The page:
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Gem Profile September 7: Tourmaline
by Rose Marion, Wire-Sculpture.com
Find Tourmaline Beads on Wire-Sculpture.com
Tourmaline: A Stone of Many Colors
Tourmaline is a gemstone which is typically a schorl (a mineralogist’s word used since before 1400 in Europe to name the black stone). Black tourmaline enjoyed a boost along with jet and other black gems during Queen Victoria’s mourning jewelry influence in the 1800s. Yet while tourmaline is usually black, the most valued gems modern-day are the unusual colors: green, blue, pink, red (often called rubellite), brown, and “watermelon tourmaline,” which is a tourmaline crystal pink on the inside and green on the outside (bi-colored, like ametrine). Some watermelon tourmaline even has a visible white or translucent “rind” between the pink and green layers!
Yellow tourmaline and purple tourmaline is even more unusual than the non-black colors, but has been found in several locations. A recent discover of canary-yellow tourmaline in Malawi is allowing more yellow tourmaline on the market. Tourmaline can be opaque to transparent, so you may see it as a faceted stone but also as a cabochon.
Indicolite (in-dic-uh-lite) is a special word for dark-blue tourmaline, which was also called Brazilian Sapphire. This word, meaning “blue stone,” was originally “indigolite,” a word probably coming from the South America mines. Some gem-sellers would suggest this gem when a high-end customer is looking for an alternative to sapphire, which tanzanite and iolite would also replace nicely. Peacock-blue indicolite, especially with little to no green hues, is easily as more expensive than an equivalent sapphire, because the true blue color is so rare.
Like iolite, tourmaline has dichroic color-changing properties depending on how it is cut. A gemcutter must take care that he cuts the stone the right way, because cutting on the wrong angle will cause the translucent tourmaline to appear cloudy, dark, and even muddy.
The darkest tourmalines, such as turquoise and green tourmalines, can be heated to lighten the colors. Also, the pink and red tourmalines may have irradiation to enliven the colors.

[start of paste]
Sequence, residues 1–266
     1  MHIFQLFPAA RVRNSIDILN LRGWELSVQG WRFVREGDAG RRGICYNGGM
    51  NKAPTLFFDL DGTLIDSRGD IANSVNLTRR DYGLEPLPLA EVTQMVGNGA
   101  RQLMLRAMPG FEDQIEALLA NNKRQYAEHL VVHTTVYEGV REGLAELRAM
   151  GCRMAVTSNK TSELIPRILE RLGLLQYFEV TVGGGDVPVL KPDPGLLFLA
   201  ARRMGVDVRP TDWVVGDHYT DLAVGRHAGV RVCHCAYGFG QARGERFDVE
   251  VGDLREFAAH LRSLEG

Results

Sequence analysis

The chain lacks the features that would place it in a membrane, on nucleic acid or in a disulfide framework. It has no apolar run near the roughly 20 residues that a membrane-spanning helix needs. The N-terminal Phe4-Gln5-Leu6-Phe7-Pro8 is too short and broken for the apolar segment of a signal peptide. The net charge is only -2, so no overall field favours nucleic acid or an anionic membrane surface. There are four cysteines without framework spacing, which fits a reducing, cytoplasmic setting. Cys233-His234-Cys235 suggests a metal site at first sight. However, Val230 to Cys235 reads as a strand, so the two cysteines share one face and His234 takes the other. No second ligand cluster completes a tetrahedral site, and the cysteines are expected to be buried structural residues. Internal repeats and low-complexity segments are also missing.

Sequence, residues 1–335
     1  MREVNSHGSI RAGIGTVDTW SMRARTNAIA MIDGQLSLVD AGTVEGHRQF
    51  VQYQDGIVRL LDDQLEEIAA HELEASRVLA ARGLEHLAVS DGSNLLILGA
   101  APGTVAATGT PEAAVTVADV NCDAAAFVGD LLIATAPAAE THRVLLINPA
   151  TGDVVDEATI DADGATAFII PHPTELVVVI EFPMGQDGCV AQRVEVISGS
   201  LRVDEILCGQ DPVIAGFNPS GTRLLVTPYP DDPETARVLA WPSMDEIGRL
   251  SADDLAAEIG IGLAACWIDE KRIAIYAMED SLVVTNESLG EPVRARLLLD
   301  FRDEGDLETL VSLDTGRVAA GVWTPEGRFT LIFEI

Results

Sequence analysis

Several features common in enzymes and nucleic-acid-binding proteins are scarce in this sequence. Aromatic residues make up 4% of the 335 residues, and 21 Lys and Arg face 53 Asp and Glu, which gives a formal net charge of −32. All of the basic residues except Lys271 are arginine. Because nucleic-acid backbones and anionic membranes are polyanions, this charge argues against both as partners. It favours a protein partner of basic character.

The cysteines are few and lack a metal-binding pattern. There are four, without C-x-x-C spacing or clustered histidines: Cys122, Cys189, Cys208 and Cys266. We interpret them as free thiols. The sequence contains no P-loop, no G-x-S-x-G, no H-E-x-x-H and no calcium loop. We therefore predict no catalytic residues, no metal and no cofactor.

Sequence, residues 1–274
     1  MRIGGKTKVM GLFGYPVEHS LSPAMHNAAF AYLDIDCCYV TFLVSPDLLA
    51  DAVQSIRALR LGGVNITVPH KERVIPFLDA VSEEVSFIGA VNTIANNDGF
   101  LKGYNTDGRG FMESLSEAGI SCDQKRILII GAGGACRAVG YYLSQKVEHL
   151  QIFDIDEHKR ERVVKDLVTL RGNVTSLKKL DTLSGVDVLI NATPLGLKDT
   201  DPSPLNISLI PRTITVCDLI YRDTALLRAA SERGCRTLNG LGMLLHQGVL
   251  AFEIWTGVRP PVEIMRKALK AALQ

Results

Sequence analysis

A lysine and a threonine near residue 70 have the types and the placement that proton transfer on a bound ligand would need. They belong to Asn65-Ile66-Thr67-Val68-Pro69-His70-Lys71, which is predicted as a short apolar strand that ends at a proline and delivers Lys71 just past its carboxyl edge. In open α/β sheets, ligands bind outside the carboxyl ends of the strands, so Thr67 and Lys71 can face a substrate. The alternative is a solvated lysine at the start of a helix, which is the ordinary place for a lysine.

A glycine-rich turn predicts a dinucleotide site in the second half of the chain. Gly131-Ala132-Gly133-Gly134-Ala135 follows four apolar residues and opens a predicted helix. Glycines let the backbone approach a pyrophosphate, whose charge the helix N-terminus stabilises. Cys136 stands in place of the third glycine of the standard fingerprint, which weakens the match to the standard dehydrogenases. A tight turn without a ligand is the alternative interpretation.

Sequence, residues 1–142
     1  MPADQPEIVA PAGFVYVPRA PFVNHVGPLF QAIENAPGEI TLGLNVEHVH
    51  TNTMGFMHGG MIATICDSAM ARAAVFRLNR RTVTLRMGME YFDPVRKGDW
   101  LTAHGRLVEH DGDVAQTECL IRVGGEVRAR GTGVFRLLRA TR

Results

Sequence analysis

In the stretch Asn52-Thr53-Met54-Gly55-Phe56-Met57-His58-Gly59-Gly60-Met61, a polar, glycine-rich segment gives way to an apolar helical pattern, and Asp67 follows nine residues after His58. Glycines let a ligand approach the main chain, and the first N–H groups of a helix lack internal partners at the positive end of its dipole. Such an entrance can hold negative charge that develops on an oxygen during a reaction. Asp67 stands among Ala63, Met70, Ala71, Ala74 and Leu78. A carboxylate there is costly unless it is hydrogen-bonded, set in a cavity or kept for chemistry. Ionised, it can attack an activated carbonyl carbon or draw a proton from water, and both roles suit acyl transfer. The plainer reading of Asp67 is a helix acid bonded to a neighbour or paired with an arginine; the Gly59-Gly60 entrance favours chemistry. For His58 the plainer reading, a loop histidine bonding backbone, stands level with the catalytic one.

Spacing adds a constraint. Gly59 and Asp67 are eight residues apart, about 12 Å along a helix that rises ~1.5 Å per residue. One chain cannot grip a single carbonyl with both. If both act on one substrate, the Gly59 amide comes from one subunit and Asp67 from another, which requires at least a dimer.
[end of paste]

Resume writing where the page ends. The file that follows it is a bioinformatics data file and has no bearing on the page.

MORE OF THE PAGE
When tourmaline’s not on its own, you can find it included in quartz, creating the stone called tourmalinated quartz, or tourmalated quartz. Like quartz, tourmaline is made of silica, but also a handful of other elements, such as boron, aluminum, iron, sodium, and lithium.
Gem-quality tourmaline mainly comes from Brazil and Africa – including Tanzania, Kenya, and Madagascar – with some from Sri Lanka, formerly Ceylon, the land that gave tourmaline its name (possibly from 2 words, one meaning “stone that attracts ash”, and the other “more colors.” The bit about attracting ash is related to the fact that some tourmaline can generate electricity when it’s heated and then allowed to cool! (“pyroelectric”)).
Tourmaline has also been found in the United States: Maine and California were significant producers of tourmaline in the 1900s. In fact, in the early 20th century, those two states at opposite ends of the country were the top producers of gem tourmalines! In 1971, Maine named tourmaline its state gemstone, and some Maine locations, including Oxford County, still have mines open to the public where you can mine for tourmaline for a small fee.
Tourmaline is fairly durable, rating a 7-7.5 on Mohs scale, similar to quartz. However, similar to the hollow inclusions in emerald, tourmaline may have fissures that reach the surface of the stone; in this case, most affected stones would be sealed with resin. Keep tourmaline away from harsh chemicals and direct blows to preserve the stone.
Tourmaline in Culture
Pink and green tourmaline were funeral gifts in centuries-old Native American traditions. Tourmaline has been treasured as a gemstone for well over 2,000 years. An Ancient Egyptian legend explains that as tourmaline journeyed to the earth’s surface, it passed over a rainbow, and took on all its colors! Fitting to its color-changing properties, according to the American Gemstone Trade Association (AGTA), “ancient mystics believed tourmaline could encourage artistic intuition.” Some people believe that wearing jewelry made from the darkest black schorl tourmalines can protect oneself from exposure to radiation.
Tourmaline is a birthstone of October, specifically pink tourmaline, along with opal. Pink tourmaline is also a traditional anniversary gift for the 5th year, an alternative to sapphire with sapphire. It’s also appropriate for the 8th and 38th anniversaries (and if you or your spouse like it, why not more!)
Next Friday’s Gem Profile is on bronzite, a type of enstatite. Have you made wire jewelry with bronzite or enstatite before? Send your enstatite pictures to email@example.com, and they could be featured!
Resources & Recommended Reading
Gem Profile by Rose Marion